May 15, 2006
A Wall Street Journal article discusses the role of the New England Journal of Medicine in the Vioxx affair (1). An aspect of the article that caught my attention was the attempt by a pharmacist, Dr. Jennifer Hrachovec, to make known the dangers of Vioxx.
She first tried to do this during a radio call in show which had as one of its guests, Jeffrey Drazen, the editor of the New England Journal of Medicine. He blew off her comments.
She next submitted a Letter to the editor to the New England Journal of Medicine. It was rejected.
Finally, she was able to get a Letter published in JAMA, the Journal of the American Medical Association.
I can relate to this sequence of events and suggest that part of the problem is that however relevant and correct a person is on an issue, the person’s issue may not be taken seriously if that person is not “a member of the club”. Journals such as the New England Journal of Medicine have so many submissions that they are always looking for ways to reject papers. I suspect that one criteria used is simply the status of the person submitting the paper. Fortunately, Dr. Hrachovec persisted. For me, when someone blows off my comments, it is a source of motivation, and I have had my share of rejected Letters.
- Bitter Pill How the New England Journal Missed Warning Signs on Vioxx. David Armstrong Wall Street Journal, May 15, 2006, page A1.
May 14, 2006
Facilitators play an important role in quality activities. For example, they often lead training and brainstorming sessions. Brainstorming is a key part of FMEA (Failure Mode Effects Analysis) and fault trees. Whereas this blog entry is not meant to be a summary of what makes a good facilitator, I was recently reminded of a problem with some facilitators; namely that of the filter.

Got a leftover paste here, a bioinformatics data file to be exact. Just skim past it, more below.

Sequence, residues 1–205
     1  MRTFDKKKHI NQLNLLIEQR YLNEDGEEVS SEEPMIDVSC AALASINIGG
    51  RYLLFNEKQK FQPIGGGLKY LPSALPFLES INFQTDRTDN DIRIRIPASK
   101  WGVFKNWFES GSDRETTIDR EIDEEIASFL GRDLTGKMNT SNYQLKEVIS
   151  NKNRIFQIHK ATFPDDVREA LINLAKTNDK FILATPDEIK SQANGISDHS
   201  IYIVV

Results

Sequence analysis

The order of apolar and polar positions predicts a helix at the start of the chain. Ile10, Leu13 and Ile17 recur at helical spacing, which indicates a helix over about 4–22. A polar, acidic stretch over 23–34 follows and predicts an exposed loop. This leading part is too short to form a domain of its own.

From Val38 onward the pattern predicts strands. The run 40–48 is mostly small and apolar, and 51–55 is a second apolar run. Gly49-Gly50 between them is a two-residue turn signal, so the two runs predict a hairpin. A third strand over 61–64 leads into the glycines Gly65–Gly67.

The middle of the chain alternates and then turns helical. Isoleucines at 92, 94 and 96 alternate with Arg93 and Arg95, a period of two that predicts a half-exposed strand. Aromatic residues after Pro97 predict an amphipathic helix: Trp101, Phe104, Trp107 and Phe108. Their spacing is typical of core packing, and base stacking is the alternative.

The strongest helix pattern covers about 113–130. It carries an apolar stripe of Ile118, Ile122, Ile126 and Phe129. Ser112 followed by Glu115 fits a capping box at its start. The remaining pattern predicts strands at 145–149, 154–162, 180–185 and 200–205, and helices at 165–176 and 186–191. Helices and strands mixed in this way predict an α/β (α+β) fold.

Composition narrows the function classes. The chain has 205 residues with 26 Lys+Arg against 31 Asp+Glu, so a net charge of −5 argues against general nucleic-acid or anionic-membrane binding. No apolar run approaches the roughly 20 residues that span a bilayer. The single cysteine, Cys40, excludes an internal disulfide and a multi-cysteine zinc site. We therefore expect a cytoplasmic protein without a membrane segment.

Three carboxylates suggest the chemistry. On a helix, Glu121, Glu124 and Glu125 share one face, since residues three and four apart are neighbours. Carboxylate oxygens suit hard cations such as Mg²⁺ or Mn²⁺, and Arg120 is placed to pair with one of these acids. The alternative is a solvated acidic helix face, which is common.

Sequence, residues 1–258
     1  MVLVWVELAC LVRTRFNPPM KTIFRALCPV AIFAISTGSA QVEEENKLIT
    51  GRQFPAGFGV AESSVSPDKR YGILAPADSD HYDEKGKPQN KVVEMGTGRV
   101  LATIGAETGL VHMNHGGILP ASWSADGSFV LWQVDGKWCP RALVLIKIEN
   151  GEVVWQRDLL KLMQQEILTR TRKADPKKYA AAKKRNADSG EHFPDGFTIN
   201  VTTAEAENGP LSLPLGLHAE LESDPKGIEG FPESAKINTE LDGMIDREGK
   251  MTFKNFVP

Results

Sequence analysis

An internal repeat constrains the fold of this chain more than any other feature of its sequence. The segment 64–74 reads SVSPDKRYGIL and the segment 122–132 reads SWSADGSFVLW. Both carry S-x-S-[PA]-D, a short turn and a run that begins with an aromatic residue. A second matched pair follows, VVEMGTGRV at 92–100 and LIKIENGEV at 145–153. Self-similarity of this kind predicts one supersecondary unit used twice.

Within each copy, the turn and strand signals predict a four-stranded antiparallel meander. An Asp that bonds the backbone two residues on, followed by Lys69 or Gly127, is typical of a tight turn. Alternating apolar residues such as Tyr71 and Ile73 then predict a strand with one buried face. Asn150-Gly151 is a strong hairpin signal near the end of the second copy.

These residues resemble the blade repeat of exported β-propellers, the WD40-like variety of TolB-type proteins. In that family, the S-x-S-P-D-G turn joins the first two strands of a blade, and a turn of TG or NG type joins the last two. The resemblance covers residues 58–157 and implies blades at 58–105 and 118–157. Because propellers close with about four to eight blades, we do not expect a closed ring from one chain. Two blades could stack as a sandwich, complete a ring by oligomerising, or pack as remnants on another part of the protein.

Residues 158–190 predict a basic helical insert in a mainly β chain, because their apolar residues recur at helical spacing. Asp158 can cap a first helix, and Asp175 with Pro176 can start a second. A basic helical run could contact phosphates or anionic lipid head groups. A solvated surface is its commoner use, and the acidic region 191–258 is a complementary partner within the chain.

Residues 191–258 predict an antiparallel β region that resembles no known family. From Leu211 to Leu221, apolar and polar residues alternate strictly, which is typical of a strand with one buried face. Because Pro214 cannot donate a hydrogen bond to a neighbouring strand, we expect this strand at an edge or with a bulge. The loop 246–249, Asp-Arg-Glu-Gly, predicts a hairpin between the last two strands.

Filters are people who while serving as facilitators, feel compelled to have all information go through them. The filter then re-releases the information but in a changed form. That is, whatever was originally submitted to the filter becomes changed into a form that the facilitator understands (which may or may not be the same as the person who had the original idea). In some cases the facilitator changes the way the information is presented by rewriting it or restating it (e.g., out loud). The latter must be familiar as one often hears, “now let me make sure I understand what you’ve said, you mean that, …., “.
There is nothing wrong with the concept of a filter, since in principle, a filter could make ideas more clear and if nothing else ensures that an idea is understood as intended. Whereas this is often useful – sometimes essential – between two people, the danger is when the filter is used in a group setting and the filter makes ideas less clear, changes ideas, or omits ideas.
I recall a CLSI (formerly NCCLS) strategy session a few years ago. I had prepared a list of issues which the facilitator rewrote. My list had already been read by the head of the organization with a few minor changes so this rewrite by the facilitator seemed completely unnecessary and more importantly, it failed to capture the issues as clearly as I had and at the same time dropped some issues. So the strategy session took place without the right list of issues and during the strategy session, all material went through the facilitator, as in “now let me make sure I understand what you’ve said, you mean that, …., “. The facilitator of course also wrote up the results of the meeting. In all, this was a lost opportunity, largely driven by a filter.
So a better way is for the facilitator to assemble all ideas through a consensus process. The final product may have some editing for readability but without the effects of a filter.